Look at the routine in Catholic or Buddist monasteries: strict wake-up times, scheduled prayers, work and meals. Stimulation reduced to a minimum, no attractions or unexpected incidents. I have a friend who frequently visits monasteries, and calls it a divine, wonderful experience -- her mind opens up and she gains a new perspective on life.

Such repetitiveness may be another person’s nightmare; some people draw energy from excitement and continuous action.

We’re all different in terms of the amount of stimulation we require in order to function. Immanuel Kant would go for a walk at the same time every day. He led an extremely monotonous and uneventful life but that’s probably what helped him gather his thoughts. Amedeo Modigliani was a drunk and a drug user, living from one tantrum to another. Perhaps if his life had been calm, organised and “boring”, he wouldn’t have painted a single picture?

A certain sort of tediousness and ability to postpone the moment of gratification can be incredibly satisfying. One of my life mentors claimed that the true winner is the one who manages to resist eating ice-cream and keeps it in the freezer. The ability to delay gratification is one of the things that differentiates us from animals.

AJ: It just came to me that people working in the corporate world also live according to a strict schedule. But I don’t suppose many of them would say that their minds open up. Quite the opposite.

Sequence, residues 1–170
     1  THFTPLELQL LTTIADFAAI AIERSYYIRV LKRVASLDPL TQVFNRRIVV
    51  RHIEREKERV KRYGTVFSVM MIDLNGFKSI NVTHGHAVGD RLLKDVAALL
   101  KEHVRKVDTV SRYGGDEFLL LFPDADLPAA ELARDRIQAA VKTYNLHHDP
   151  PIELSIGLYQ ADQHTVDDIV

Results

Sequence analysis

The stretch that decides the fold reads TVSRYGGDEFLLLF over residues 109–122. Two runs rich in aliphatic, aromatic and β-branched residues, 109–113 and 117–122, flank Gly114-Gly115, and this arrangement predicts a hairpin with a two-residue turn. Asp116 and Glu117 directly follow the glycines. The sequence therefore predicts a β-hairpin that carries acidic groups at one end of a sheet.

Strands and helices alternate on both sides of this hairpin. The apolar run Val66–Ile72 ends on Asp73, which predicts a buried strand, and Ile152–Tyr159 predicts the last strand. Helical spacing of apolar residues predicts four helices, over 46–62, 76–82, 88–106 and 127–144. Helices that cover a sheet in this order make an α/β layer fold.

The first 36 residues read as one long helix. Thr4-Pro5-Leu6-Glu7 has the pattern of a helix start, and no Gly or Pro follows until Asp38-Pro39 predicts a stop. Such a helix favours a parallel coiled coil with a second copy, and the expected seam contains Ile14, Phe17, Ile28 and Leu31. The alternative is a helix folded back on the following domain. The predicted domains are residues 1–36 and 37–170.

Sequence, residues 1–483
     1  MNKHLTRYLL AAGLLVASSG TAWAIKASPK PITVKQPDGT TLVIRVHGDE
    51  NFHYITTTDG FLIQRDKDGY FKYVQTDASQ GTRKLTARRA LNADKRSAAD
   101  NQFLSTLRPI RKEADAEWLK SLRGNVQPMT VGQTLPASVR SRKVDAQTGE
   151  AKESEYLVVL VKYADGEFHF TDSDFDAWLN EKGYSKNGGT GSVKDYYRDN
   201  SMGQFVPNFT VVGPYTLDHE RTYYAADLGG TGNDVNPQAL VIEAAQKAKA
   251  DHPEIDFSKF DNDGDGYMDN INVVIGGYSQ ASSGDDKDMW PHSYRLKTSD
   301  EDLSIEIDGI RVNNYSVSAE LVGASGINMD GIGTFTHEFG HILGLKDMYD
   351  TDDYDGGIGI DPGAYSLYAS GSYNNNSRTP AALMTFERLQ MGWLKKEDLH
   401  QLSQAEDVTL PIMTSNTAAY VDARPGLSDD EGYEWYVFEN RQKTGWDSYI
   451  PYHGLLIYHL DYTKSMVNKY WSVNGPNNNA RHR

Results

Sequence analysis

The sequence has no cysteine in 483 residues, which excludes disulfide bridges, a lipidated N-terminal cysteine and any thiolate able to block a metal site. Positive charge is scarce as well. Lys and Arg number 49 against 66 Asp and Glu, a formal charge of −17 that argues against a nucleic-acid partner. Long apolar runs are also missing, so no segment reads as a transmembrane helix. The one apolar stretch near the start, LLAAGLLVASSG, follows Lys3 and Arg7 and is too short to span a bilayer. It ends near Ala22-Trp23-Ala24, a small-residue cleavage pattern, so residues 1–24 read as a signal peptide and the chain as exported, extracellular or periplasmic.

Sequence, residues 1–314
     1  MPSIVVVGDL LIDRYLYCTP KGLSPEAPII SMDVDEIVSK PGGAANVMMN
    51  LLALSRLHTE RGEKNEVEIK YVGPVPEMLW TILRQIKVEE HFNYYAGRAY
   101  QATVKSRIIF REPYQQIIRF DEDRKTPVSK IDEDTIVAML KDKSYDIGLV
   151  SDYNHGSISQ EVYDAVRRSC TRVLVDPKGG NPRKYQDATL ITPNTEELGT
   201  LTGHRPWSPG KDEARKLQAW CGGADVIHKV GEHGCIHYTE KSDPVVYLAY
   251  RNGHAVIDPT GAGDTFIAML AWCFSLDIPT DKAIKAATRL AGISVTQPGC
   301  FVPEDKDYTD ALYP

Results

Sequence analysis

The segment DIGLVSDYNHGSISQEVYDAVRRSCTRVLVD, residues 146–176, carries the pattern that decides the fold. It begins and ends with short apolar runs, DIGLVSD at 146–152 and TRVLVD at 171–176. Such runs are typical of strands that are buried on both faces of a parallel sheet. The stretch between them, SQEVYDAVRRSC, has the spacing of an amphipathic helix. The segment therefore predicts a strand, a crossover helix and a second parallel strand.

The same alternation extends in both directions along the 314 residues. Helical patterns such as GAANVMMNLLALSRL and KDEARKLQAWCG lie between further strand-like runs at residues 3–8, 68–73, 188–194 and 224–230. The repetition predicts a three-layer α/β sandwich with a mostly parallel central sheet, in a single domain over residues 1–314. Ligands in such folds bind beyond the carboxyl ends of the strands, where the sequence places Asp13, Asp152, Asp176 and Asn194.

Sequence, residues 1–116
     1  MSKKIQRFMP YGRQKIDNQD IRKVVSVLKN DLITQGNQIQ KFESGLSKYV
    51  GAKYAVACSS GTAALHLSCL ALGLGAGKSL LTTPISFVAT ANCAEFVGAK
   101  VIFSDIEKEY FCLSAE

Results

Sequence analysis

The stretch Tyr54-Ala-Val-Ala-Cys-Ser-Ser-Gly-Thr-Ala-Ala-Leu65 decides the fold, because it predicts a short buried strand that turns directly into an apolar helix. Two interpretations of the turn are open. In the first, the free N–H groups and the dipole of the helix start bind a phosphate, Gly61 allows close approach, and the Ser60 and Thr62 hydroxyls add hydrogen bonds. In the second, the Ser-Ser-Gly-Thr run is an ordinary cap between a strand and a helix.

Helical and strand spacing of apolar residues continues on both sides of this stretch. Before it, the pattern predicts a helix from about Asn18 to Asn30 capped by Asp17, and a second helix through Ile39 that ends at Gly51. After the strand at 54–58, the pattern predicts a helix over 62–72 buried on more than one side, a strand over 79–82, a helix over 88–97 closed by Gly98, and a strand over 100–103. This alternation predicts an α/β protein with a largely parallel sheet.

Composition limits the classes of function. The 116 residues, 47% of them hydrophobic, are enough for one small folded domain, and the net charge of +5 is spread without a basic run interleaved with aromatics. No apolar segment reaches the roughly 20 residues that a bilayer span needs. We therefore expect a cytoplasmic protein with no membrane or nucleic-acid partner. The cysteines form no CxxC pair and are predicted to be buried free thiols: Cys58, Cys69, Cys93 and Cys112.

That’s a completely different kind of monotony -- neither wanted nor freely chosen, but externally imposed. However, there are people who somehow throw themselves into their daily corporate routine or a tiresome physical work and enjoy it. Nevertheless, it’s a rare gift. I also need to stress that the slogan: “Choose a job you love, and you will never have to work a day in your life” which is very popular in the “coaching” and “motivational” environment -- is a bunch of nonsense. Most people will never love what they do professionally.

AJ: Can we do anything to make the monotony less unpleasant?

Personally, I would recommend mindfulness training, which helps us translate dullness into something creative and life-giving. But going back to monasteries, I’d like to point out that today’s asceticism -- in a form of self-restraint and a certain repetitiousness -- could be an equivalent to the challenges formerly posed to humans by nature.

AJ: So we all should become ascetics now?

Of course not.

But boredom as a form of contemplation evokes our sensibility in the same way as denying ourselves food enhances our sense of taste. It triggers our imagination, inventiveness and awareness.

Meister Eckhart argued that sooner or later, everything gets boring. You can’t drink red wine every day and always enjoy it.

AJ: That’s a shame.

Perhaps it’s worthwhile to embrace mindfulness and learn to continuously notice new aspects of the same actions or well-known objects? A tree or a stone are never boring, if we look at them from the right perspective.

AJ: So it would be more precise to state that it’s not intelligent but rather mindful people who never get bored?

That’s right!

***

Bartłomiej Dobroczyński is the Head of the Department of General Psychology at the Institute of Psychology at  the Jagiellonian University.

Translated from Polish by Martyna Kardach